Effect of tenascin-C deficiency on chemically induced dermatitis in the mouse.
Tenascin-C is a large extracellular matrix glycoprotein characterized by its spatiotemporal expression during embryogenesis, carcinogenesis, and wound healing. Many in vitro studies on tenascin-C have revealed its multifunctional properties; however, disruption of the tenascin-C gene did not reveal any obvious abnormalities during development, and its function in vivo remains unclear. Here, we investigated whether tenascin-C is involved in inflammatory dermatitis in adults by studying chemically induced dermatitis in tenascin-C knockout mice. An epicutaneous application of a hapten, 2,4-dinitrofluorobenzene, to the ear skin of BALB/CA mice resulted in inflammation and induced the expression of tenascin-C. In congenic tenascin-C knockout mice, the dermatitis occurred more severely than in wild-type mice; infiltration of polymorphonuclear cells in knockout mice persisted longer than in wild-type mice, and the elastosis-like disorganized extracellular matrix was also seen in the ear. These results suggest that tenascin-C plays a role in vivo in inflammatory responses in the skin, and that the genetic background has profound effects on the function of tenascin-C in mouse dermatitis.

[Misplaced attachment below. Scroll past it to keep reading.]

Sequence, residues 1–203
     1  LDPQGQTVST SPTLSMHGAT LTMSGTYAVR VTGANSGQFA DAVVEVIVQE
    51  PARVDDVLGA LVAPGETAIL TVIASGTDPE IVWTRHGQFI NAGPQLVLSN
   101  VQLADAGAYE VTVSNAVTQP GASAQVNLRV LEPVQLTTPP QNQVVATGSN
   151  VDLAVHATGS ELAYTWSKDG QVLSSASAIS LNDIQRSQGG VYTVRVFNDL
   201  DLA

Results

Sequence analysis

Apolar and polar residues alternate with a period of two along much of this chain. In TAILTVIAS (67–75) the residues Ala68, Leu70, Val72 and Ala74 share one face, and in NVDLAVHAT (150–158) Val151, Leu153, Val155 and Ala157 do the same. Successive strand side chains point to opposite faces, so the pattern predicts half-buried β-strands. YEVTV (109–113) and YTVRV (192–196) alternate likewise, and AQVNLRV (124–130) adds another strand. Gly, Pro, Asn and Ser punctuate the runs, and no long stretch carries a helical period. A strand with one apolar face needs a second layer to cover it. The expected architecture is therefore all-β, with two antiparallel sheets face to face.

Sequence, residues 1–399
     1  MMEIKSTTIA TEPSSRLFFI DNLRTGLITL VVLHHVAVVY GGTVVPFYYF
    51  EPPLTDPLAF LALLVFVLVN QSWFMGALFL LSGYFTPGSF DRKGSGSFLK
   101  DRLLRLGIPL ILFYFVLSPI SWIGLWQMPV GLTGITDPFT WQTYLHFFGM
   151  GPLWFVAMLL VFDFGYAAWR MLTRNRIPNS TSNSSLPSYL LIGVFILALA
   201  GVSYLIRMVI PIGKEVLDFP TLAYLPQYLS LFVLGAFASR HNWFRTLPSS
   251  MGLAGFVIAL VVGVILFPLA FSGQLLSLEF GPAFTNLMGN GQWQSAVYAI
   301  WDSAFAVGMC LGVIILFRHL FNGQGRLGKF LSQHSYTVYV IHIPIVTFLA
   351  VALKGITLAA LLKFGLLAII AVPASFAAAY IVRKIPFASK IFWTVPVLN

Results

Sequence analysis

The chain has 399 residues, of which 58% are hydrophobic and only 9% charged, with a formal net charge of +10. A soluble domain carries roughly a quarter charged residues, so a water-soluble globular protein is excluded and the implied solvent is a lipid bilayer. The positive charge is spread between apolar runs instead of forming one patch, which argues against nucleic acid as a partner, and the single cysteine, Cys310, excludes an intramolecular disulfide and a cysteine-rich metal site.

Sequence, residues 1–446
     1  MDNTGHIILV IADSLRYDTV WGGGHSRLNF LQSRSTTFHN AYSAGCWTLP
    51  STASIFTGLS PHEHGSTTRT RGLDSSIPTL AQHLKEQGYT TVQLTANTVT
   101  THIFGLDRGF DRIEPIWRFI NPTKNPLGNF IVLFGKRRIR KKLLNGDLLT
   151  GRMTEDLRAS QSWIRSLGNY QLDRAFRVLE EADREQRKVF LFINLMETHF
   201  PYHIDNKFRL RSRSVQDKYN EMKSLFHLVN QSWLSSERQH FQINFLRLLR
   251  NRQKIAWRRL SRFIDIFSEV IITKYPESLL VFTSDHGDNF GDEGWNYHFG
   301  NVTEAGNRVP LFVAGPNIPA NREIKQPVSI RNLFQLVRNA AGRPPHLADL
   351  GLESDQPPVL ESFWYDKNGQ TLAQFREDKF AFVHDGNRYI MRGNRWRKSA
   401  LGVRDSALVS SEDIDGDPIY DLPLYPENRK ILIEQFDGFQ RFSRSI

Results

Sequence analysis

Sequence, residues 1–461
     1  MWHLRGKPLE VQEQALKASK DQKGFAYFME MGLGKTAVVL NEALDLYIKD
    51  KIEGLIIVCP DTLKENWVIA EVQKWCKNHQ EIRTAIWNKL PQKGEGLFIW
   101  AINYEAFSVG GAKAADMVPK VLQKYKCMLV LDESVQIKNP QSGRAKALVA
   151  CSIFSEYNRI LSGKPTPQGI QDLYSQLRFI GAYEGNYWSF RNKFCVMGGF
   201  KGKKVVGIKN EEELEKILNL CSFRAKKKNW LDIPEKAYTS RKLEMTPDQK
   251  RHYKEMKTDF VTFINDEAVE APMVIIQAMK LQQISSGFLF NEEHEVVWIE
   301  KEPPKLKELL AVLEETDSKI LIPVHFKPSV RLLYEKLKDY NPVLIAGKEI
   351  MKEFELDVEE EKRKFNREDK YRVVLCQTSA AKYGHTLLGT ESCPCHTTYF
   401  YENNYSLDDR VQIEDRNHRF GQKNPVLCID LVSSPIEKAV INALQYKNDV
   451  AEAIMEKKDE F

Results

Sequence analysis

Koyama, Y; Kusubata, M; Yoshiki, A; Hiraiwa, N; Ohashi, T; Irie, S; Kusakabe, M
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